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Bush Administration Accused of Ignoring Corruption in Iraq


Two former U.S. State Department officials say the Bush administration has done little to fight corruption in Iraq. In testimony to a congressional panel Monday, they said administration policy has allowed corruption to fester - an accusation the State Department vehemently denies. VOA's Deborah Tate reports from Capitol Hill.

Arthur Brennan briefly served as director of the State Department's Office of Accountability and Transparency in Baghdad last year.

In testimony before a Democratic Policy Committee hearing, which no Republicans attended, Brennan accused the Bush administration of thwarting the efforts of his office to probe and fight corruption in Iraq. He said the administration did not aggressively pursue corruption out of concern that that could undermine its relationship with the Iraqi government.

"The Department of State's actual policy not only contradicted the anti-corruption mission, but indirectly contributed to and has allowed corruption to fester at the highest levels of the Iraqi government," he said.

State Department deputy spokesman Tom Casey told VOA it is not true that the department condones corruption in Iraq.

In an exchange with Democratic Senator Claire McCaskill of Missouri, Brennan said U.S. ambassador to Iraq, Ryan Crocker, has avoided addressing the problem.

MCASKILL: "It is your testimony today that Ambassador Crocker knows the level of corruption in the Iraqi government and has failed to be honest with the American people about it?"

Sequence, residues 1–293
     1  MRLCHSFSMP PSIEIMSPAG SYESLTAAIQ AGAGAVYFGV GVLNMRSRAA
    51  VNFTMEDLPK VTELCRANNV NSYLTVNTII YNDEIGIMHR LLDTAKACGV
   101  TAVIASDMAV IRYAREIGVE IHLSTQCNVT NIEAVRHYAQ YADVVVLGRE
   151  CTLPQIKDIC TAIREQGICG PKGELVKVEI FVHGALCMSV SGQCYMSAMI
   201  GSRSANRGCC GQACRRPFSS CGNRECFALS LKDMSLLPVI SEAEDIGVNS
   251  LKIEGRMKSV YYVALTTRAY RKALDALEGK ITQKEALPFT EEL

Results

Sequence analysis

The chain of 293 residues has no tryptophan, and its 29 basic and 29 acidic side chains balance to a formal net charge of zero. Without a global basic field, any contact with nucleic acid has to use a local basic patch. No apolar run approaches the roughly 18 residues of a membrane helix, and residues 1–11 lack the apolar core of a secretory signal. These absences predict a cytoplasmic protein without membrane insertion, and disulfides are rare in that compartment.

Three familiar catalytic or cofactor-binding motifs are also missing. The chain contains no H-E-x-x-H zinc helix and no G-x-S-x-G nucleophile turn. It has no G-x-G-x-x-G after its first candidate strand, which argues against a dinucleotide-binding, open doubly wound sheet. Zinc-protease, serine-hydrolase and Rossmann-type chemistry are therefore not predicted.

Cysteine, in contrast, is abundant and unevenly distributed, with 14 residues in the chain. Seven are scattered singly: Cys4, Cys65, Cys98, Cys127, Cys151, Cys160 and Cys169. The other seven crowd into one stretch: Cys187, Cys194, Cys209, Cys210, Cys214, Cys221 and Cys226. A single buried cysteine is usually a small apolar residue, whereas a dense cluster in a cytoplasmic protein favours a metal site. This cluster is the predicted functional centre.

BRENNAN: "If he does not know than he is negligent. If he does know, then he is intentionally misleading Congress and the American public."

Brennan said corruption has cost Iraq and U.S. taxpayers billions of dollars, and warned that some of the money could be funding insurgents.

James Mattil, who served as chief of staff in the Office of Accountability and Transparency from October 2006 to October 2007, agreed that the Bush administration had not done enough to press the Iraqi government to fight corruption. "It seems reasonable to conclude that the reasons are either gross incompetence, willful negligence or political intent on the part of the Bush administration and more specifically, the State Department," he said.

Mattil said the Office of Accountability and Transparency was dismantled last December.

Senator Byron Dorgan, a North Dakota Democrat and chairman of the committee, says he plans to send a letter to Secretary of State Condoleezza Rice seeking a response to Monday's testimony.

State Department's Casey, who spoke to VOA on the phone, said Brennan and Mattil are entitled to their opinions, but it is not true that Washington has ignored the issue of corruption in Iraq. He said the United States takes the issue very seriously, and has worked with the Iraqis for a very long time to combat it.

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